In the previous article we gave a general introduction to Databricks concepts and architecture. Here we will look more specifically at the use of Gurobi on Databricks. For practical instructions on getting started using Databricks, have a look at the article on installation steps. Note that we don't go into too much detail about licensing options; please reach out to your Technical Account Manager if you want to discuss your specific use case and learn how to best set up Gurobi.
When working with Gurobi, you're typically performing a few steps sequentially:
- Retrieving and preprocessing input data
- Defining a mathematical optimization model
- Solving the model ("optimization" by Gurobi)
- Retrieving the solution
- Postprocessing and storing the solution
- Gurobi does not use Apache Spark for distributing the work from step 3 for a single model. This means in principle solving the model will happen on the node where you call
model.optimize(). We do provide other options for offloading the work outside the cluster, as you can see below.
- For a single model, steps 2-4 must be performed on the same node since the model is kept in-memory. Therefore you may parallelize steps 1 and 5 (pre- and postprocessing), as long as you don't invoke the Gurobi API in these steps.
- You can run multiple models in parallel on different nodes, as long as steps 2-4 for a specific model are performed on a single node.
These principles allow the following architectures.
- Run everything in a single script/notebook. This means all steps are performed on the driver node in your cluster. Unless you offload pre- and postprocessing to worker nodes yourself, there's no point in setting up a multi-node cluster: the worker nodes would remain idle. For the same reason, autoscaling (dynamically adding worker nodes to your cluster) would not have an effect on optimization.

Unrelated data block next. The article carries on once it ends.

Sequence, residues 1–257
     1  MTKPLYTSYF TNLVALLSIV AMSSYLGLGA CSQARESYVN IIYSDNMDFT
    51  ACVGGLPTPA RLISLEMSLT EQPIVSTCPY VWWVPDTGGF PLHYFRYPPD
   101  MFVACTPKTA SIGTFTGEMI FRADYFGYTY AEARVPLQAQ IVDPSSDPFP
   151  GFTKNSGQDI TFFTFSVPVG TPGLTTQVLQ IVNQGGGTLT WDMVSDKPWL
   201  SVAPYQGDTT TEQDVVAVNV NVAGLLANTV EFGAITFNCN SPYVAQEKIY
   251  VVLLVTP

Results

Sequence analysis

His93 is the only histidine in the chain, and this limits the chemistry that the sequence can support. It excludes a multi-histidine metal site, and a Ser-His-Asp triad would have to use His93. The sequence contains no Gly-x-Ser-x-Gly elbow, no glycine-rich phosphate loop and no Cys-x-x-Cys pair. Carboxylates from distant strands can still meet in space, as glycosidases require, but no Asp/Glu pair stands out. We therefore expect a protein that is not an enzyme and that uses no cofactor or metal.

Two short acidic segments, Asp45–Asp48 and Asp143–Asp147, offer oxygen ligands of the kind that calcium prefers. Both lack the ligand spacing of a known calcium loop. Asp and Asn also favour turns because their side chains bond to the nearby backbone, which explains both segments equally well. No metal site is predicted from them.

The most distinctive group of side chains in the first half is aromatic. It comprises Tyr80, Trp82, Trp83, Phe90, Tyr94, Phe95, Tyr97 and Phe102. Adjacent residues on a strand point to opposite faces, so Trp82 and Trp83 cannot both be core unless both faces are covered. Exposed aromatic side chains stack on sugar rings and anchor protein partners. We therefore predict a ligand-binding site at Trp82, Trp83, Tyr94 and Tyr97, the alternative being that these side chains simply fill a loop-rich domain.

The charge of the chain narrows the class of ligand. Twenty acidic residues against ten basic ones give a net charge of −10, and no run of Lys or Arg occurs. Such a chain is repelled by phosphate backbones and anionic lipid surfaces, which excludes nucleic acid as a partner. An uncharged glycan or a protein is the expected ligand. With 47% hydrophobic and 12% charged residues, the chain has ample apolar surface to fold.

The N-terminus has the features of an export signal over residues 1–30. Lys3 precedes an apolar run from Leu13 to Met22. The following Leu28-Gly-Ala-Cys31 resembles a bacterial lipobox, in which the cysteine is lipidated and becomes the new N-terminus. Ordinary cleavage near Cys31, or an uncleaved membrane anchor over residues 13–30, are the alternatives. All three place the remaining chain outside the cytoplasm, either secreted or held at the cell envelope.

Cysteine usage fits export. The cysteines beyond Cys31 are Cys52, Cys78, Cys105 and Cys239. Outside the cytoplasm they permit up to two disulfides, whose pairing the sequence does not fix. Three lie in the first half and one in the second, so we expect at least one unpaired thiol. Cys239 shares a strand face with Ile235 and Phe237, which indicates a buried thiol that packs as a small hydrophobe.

Manually call Spark. You may call the Spark library explicitly to build and solve models on the worker nodes. In Python this can be done using PySpark with functions like
SparkContext.parallellize(). Since this approach is not Gurobi-specific we don't go into detail here. Steps 2-4 for a single model must be performed on a single node, so you would typically partition and distribute input data from step 1 to your worker nodes and each parallel task would then build a model using one subset of input data, solve it and return a solution.
Let Gurobi offload optimization outside the cluster. There are other options in case you want to perform optimization outside your driver node. For both options below, step 3 is executed elsewhere while steps 1-2 and 4-5 run on your Databricks cluster.
- Compute Server: Dedicated component for optimizing mathematical models which are defined elsewhere. You manage this component yourself and run it in your own environment (e.g. on a virtual machine, in a container etcetera). During steps 2-4 above, a session with the Compute Server is initiated automatically by the Gurobi API. Step 3 is performed on the Compute Server and does not consume resources on your Databricks cluster.
- Instant Cloud: Online service managed by Gurobi. Similar to the Compute Server option, steps 2-4 initiate a remote session and step 3 is performed on a machine managed by Gurobi Instant Cloud.
Each of the options above leads to different Gurobi licensing requirements.
- When running everything on the driver node, we encourage the use of a Web License Service license. Setup is very simple and you don't need to worry about which hardware runs Gurobi since the license is not tied to a specific machine. This license also works when using custom container images for your cluster. You should think about the number of concurrent tasks on the driver node using Gurobi to pick a suitable license type.
- When using Spark to distribute Gurobi work to worker nodes, you would again use the Web License Service. However, the number of licenses/tokens required now also depends on the number of nodes that will use Gurobi at the same time.
- Compute Server and Instant Cloud require specific licenses. In these situations you do not need a license for your Databricks cluster since it only acts as a client to your Compute Server or Instant Cloud resources.